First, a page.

Tuesday, January 14

Obsessions: Pleats, Please!

 
L-R: Lisa, Anna, and Margot, adopted daughters of dancer Isadora Duncan, in Fortuny Dephos gowns circa 1920s, Stylesight; Issey Miyake Pleats Please "Guest Artist Series" Dresses, Spring/Summer 1997, The Kyoto Costume Institute
 
Lately I’ve been fixated on the finely-pleated fashions of Mariano Fortuny and Issey Miyake, inspired by my current bedside read, Taschen's Pleats Please. Developed nearly ninety years apart, both Fortuny and Miyake's pleated dresses revolutionized women's clothing in the twentieth century.
 
Fortuny's pleated silk Delphos gowns were inspired by the dress of a classical Greek statue, the Charioteer of Delphi, and were meant to be worn with minimal undergarments – a radical notion in the early 1900s, when most women wore corsets. Initially used as at-home loungewear, Delphos gowns only became acceptable to wear in public in the 1920s as dress codes and social mores relaxed, and women achieved suffrage and political equality. (Coincidence? I think not.) Although the pleats were heat set (by a secret process that still remains unknown today), they could lose their shape, and the dresses had to be worn and stored carefully. Miyake essentially improved upon Fortuny’s design by creating heat-set pleated dresses from a special tricot blend that is both static-free and wrinkle-resistant. In the process, he invented truly easy-to-wear garments for modern women -- that look as good at home as they do at work or social events.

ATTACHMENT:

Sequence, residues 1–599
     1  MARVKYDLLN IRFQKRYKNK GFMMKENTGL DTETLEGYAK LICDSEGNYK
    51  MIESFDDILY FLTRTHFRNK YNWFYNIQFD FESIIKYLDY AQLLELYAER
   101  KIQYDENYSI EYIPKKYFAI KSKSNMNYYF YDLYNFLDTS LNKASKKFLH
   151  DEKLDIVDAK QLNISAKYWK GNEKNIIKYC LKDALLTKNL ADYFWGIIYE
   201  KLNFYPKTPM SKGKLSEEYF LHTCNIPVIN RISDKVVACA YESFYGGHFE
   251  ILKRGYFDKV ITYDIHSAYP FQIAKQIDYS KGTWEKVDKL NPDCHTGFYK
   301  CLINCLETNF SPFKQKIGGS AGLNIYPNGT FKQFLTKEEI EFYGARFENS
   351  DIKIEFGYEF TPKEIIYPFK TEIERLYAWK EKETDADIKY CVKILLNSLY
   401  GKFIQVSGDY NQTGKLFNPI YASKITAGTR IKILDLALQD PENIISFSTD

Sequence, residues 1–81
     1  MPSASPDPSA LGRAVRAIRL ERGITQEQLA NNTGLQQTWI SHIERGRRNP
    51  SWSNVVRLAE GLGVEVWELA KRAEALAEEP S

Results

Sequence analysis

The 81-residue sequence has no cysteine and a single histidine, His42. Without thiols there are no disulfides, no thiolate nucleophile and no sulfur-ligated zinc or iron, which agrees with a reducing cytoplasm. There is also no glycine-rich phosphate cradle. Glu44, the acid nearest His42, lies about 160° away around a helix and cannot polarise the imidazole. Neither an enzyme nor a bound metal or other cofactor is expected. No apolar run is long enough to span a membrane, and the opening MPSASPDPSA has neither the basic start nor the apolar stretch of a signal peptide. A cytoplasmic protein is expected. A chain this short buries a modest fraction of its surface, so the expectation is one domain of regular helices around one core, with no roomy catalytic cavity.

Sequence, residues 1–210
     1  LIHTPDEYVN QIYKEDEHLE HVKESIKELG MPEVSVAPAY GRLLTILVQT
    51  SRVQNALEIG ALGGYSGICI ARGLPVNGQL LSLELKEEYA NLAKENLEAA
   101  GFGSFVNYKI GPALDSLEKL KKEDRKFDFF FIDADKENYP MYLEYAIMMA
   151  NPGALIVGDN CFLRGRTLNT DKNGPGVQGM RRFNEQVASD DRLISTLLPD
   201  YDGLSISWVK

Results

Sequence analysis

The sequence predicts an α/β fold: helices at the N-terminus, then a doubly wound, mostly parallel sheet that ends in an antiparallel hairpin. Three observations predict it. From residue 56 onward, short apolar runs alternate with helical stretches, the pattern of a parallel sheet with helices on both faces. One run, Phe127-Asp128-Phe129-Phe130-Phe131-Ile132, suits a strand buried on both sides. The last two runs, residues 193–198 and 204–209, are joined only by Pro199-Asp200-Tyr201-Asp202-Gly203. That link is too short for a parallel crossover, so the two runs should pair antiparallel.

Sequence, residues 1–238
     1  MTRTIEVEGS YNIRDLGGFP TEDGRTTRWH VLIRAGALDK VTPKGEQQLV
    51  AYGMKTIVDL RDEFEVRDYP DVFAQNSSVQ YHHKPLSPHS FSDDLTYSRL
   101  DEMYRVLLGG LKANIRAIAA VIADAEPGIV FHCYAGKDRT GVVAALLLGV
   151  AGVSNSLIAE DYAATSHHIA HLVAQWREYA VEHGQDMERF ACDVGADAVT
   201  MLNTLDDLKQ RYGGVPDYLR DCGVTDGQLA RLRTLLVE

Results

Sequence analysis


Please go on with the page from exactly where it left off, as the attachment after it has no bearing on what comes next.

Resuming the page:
Snag these perennially chic styles for $100.00 or less with Miyake's Pleats Please accessories, and second-hand pleated garments by Miyake and others.
 
S.S.W. Asks: Would YOU wear these pleated fashions?
 
 
L.
 

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